'Wrongfully convicted heroes' honored Sunday in Detroit after serving from 8-48 years

Hani Barghouthi
The Detroit News

Detroit — Congregants of a young community church near Oak Park joined their faith leaders, a city politician, criminal justice advocates and a boxing world champion on a brisk Sunday morning to honor four formerly incarcerated men and welcome them back into their communities.

Honorees Gregory Berry, left, Juwan Deering, Raymond Gray and Chamar Avery hold their Spirit of Detroit awards at the service at United Kingdom Church on Sunday. Standing with them are past honorees and those who are celebrating the men's release from prison.

Though renewed COVID-19 concerns deprived the nondenominational United Kingdom Church of its choir during Sunday services, congregants filled the church with a roaring rendition of “O Come, All Ye Faithful” before speakers praised and prayed for Chamar Avery, Gregory Berry, Raymond Gray and Juwan Deering.

Described by the church as “wrongfully convicted heroes,” the four were released from prison after serving between eight and 48 years for crimes of which they were later exonerated, had their convictions vacated, their charges dismissed or given plea deals that led to their release.

Alongside ministers with the church and attorneys who represented some of the honorees, Detroit-boxer Thomas “the Hitman” Hearns and City Councilman Roy McCalister Jr. lent their voices to support the four men as well as criminal justice reform that advocates say will lead to more exonerations and wrongful convictions becoming exposed.

Juwan Deering stands and applauds after his daughter and grandson are introduced at the service Sunday in Detroit celebrating the release this year of four men, including him, from prison through efforts of the Conviction Integrity Unit.

McCalister also presented the men with Spirit of Detroit awards that were signed by City Council members to acknowledge their plight and commend their perseverance.

“I know from personal experience what it’s like to have a loved one incarcerated,” said Maxine Willis, who co-founded the Ambassadors Group within the church to help exonerated individuals, some of whom have spent decades in prisons, reestablish a place for themselves in society.

“(I was) witnessing firsthand the devastation of what it’s like for children who are facing a parent who’s been incarcerated.”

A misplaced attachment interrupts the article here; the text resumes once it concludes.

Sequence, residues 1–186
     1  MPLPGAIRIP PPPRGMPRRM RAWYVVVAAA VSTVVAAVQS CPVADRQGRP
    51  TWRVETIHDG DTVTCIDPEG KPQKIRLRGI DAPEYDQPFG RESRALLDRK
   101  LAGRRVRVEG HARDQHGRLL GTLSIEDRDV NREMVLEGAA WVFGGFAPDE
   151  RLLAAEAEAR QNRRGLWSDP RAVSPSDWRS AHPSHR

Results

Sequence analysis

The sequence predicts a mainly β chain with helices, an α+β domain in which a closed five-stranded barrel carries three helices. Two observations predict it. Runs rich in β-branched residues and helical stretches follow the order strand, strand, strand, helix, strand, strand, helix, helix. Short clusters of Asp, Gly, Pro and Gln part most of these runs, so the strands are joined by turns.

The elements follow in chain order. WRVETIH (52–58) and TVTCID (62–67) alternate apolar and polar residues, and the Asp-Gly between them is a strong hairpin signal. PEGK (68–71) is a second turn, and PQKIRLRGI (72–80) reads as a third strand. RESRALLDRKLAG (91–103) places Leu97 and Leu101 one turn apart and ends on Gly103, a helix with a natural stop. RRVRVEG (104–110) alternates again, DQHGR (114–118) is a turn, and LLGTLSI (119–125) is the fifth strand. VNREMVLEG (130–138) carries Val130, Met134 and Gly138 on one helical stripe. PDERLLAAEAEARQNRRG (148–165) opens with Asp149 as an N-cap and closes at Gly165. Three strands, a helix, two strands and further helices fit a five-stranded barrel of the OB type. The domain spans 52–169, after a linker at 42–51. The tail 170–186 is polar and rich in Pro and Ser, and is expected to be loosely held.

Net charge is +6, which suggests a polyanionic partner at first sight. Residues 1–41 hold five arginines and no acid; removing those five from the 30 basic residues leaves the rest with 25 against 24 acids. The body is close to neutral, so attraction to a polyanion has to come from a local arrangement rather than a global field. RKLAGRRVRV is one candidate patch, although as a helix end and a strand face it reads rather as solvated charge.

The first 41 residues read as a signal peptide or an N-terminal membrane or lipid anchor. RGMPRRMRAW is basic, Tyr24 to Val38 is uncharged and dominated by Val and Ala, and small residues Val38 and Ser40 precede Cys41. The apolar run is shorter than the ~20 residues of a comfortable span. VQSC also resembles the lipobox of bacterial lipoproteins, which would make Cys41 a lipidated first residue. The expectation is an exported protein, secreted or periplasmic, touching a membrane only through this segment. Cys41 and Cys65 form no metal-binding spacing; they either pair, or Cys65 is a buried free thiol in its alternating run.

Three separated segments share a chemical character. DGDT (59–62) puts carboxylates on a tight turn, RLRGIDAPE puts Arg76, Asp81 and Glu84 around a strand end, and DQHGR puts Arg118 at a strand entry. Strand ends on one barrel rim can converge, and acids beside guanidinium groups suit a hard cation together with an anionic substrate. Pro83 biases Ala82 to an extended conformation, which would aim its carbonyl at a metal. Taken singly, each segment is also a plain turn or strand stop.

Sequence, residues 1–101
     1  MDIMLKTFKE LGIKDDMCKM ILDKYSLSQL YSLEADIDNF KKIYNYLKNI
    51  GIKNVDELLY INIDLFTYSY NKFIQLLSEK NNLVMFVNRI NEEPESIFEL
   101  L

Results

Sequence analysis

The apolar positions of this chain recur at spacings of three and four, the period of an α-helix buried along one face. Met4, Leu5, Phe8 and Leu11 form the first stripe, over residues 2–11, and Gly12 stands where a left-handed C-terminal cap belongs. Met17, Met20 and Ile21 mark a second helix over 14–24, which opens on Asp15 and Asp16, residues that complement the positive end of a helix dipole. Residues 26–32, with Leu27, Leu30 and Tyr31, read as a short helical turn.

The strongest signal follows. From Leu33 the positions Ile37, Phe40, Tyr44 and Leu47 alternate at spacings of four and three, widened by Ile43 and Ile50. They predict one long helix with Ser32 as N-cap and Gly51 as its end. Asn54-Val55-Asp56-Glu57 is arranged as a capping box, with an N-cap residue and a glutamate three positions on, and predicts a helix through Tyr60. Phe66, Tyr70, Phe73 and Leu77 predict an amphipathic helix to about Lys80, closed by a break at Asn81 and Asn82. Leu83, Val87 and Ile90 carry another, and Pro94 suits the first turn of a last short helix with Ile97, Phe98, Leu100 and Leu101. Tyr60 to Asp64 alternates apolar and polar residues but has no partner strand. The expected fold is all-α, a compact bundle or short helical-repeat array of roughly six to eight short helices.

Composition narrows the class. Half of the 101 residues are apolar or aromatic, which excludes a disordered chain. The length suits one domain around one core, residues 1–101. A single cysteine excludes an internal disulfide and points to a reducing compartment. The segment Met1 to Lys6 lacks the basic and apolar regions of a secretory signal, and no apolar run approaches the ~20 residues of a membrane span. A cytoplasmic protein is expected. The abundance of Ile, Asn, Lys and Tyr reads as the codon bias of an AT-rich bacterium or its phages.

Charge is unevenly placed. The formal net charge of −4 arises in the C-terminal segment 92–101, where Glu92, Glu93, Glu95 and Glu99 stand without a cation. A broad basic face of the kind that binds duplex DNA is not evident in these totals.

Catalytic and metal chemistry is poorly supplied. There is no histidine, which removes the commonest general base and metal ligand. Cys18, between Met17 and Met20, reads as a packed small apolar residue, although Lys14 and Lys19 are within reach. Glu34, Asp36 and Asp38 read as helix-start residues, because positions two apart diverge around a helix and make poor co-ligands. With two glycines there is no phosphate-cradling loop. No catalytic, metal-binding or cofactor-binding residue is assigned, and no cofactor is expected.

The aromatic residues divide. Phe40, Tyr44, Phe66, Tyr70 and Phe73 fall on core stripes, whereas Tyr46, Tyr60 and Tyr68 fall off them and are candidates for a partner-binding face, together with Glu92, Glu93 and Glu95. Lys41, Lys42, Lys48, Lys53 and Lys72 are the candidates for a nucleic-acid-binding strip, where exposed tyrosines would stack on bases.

After meeting wrongfully convicted men in recent years and learning of their struggles with readjusting to life outside of the prison system, Willis said she and the church, which was founded in 2018, were unable to find resources to help them and so decided to fill the gap.

“I had no idea what to do,” said Pastor Terrence Devezin of an encounter he had with a man who came to him for help years prior, before the group was established.

The man had been exonerated and released from prison, only to find himself without a home and forced to sneak into his mother’s senior living facility every night for shelter. The pastor, who drives trucks for a living, made calls to people he knew in the community while on the road, and said that within hours nine people had offered their help.

When two other men came to him for support, the group came into existence and has since helped dozens of individuals with financial, logistic, spiritual and psychological needs.

Barbara Gray, wife of Raymond Gray, reacts as her husband's name is read and he receives the Spirit of Detroit award at the service at United Kingdom Church. In May, Gray was released from prison after 48 years.

“Our criminal justice system really represents us as a society,” said Casey Landis, an attorney in Detroit who is representing Gray, one of the men who was released from prison this year after serving 48 years. “And when it makes a mistake, it is us, the society, that's really making the mistake.”

The release of wrongfully convicted people from prisons through the establishment of integrity units that examine and reevaluate how investigations in prosecutor offices across the country signals a “new United States of America,” according to Bill Proctor, a former investigative journalist turned private investigator and criminal justice advocate.

“I say that because all of a sudden, in the last 10 years or so, they’ve recognized the fact that there are innocent people in their prison system. … There are people in this audience who are free based on the existence of the Conviction Integrity Unit in Wayne County,” said Proctor. “It is difficult to fathom how far behind they are in releasing more than some people from Michigan's prison system.”

“We have clouds in the sky, but we know the sun is still shining and blazing on us,” said Proctor. "And we will celebrate every day the freedom for men and women who find themselves finally released and back in the hands of loved ones and families and communities.”